Every weekend, during the winter at least, my gang of five drives up to our family country home in the Blue Mountains. It’s about a two-hour drive, which gives us ample time to engage in a wide variety of conversations. Some topics are mundane while others are too crazy to write about. The most interesting conversations happen between my husband, David, and our son, Matthew. The topic in the car for some of the drive Friday night: is everything in life a competition?
While David and Matthew did not dive too deep into this topic (they do get easily side-tracked and somehow often move over to discussions about war), it did get me thinking that competition really is a central piece of every part of our lives.
Think about how life begins. Millions of microscopic sperm swim around, moving as fast they can, competing to find and fertilize an egg. The one sperm that wins the competition and fertilizes the egg creates a new life. The millions of other sperm just disintegrate into nothing. In some ways, we begin life by winning our biggest competition – to create that life.
Once a baby is born, while he or she may not know it, the competition continues. If the baby has siblings, there is a competition for attention from the parents. The competitive nature of a human baby is quite limited, but what about animals in nature? Early on in life so many animals have to compete with the others to simply survive – to eat and sleep in a safe place.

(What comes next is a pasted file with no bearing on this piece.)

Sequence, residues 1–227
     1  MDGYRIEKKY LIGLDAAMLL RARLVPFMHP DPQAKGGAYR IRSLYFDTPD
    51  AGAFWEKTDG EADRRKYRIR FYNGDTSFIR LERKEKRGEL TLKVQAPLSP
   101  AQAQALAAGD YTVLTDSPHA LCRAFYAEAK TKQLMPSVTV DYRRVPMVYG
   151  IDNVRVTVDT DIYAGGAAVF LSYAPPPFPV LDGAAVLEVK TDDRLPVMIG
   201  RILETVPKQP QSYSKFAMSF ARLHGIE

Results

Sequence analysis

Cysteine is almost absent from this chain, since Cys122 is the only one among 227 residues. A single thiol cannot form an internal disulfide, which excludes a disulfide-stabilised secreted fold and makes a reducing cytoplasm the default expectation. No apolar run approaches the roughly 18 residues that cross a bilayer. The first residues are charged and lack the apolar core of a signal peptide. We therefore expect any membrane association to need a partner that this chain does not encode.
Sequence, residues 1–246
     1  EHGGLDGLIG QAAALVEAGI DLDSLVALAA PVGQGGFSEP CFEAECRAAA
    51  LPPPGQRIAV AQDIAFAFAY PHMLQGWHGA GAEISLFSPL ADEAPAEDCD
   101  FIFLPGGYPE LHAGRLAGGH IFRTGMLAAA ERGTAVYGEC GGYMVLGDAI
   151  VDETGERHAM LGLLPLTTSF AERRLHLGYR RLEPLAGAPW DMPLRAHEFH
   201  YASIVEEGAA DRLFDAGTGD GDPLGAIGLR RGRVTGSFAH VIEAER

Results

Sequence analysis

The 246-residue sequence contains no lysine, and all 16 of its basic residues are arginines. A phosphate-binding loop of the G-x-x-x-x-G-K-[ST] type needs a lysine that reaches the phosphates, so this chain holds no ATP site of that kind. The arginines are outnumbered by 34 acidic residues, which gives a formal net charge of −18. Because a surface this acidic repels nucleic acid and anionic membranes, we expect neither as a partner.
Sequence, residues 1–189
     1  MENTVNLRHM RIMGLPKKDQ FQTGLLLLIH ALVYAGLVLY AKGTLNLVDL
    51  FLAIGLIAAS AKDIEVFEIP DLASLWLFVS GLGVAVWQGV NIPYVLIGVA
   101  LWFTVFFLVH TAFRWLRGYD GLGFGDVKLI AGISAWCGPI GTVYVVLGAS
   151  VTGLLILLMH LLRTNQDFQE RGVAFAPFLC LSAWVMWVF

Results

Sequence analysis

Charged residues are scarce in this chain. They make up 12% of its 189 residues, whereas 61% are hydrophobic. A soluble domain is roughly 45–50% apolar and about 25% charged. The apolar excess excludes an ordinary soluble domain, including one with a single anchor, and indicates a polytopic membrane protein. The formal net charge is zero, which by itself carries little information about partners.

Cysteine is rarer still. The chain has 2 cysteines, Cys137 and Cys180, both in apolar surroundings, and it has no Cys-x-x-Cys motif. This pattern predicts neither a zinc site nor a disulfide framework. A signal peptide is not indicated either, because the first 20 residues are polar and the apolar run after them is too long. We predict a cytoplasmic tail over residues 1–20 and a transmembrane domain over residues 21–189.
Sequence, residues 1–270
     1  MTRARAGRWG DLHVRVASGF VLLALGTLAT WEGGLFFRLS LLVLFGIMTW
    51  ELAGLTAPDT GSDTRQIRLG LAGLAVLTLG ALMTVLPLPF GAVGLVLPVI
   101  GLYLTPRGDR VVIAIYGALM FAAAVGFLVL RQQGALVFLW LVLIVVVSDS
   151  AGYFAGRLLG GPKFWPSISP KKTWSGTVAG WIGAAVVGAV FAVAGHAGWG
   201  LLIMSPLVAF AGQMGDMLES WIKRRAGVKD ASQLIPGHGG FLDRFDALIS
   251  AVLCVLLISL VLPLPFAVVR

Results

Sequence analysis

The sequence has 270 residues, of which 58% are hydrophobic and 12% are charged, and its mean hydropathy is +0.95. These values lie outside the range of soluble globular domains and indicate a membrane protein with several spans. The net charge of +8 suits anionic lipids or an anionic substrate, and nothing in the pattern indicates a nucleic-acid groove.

As babies grow into children they learn the art of formal competition – how to win in an individual or team sport or beat an opponent at a game of cards or a board game. A driven student competes against his or her friends to achieve the highest grade on a test. There may be fierce competition to be accepted into the right high school and eventually the university of choice.
The older we get, the more competitions we must face. It may begin with a friendly wager between two friends about who can get the higher grade or be the first to snag a date to the prom, but as we grow up it gets more serious.
Who receives a scholarship or is accepted to one of the few spots available in an elite graduate school program? Does the girl pick you or the better-looking guy in the corner? Who will be the first person in your group of friends to get married?
When we enter the job market, either as a teenager looking for a part-time job or fresh out of high school, college or university seeking a full-time position, the real competition begins. We want to show off our best skills and be noticed. We need to convince a person or group of people to think, yes, she is the best choice. I want to hire her. The pool of applicants for one job can be enormous, and sometimes hundreds of people can be in competition for one position.
Once we have secured that great job, the competition does not end. We must compete to be noticed and work hard every day to move up in the world. And just when we think we have it all, it can come crumbling down. We may be forced to begin the competition again to find the next job. I know that I must never let my guard down and the next competition may be around the corner.
I believe that few things in life are just handed to us. It’s not just about hard work – it’s about the ability to compete and to try to be successful. How often do you hear about someone who “battled cancer” or “fought off an injury?” We compete with each other and sometimes even life itself.
And just because we don’t win every competition does not mean we are not successful. I understand that at the very beginning only one sperm can be successful to win the competition. But a baby will always get tons of attention from close family. 90% may not be the highest grade on the test but it’s still a good mark. We may not get an acceptance letter from our first choice for university but hard will work will bring us many other offers for an opportunity at an institution of higher education. It may take a while to find the perfect job, but with some patience and persistence we will get on the right career path. Competition is a part of life. And that’s okay.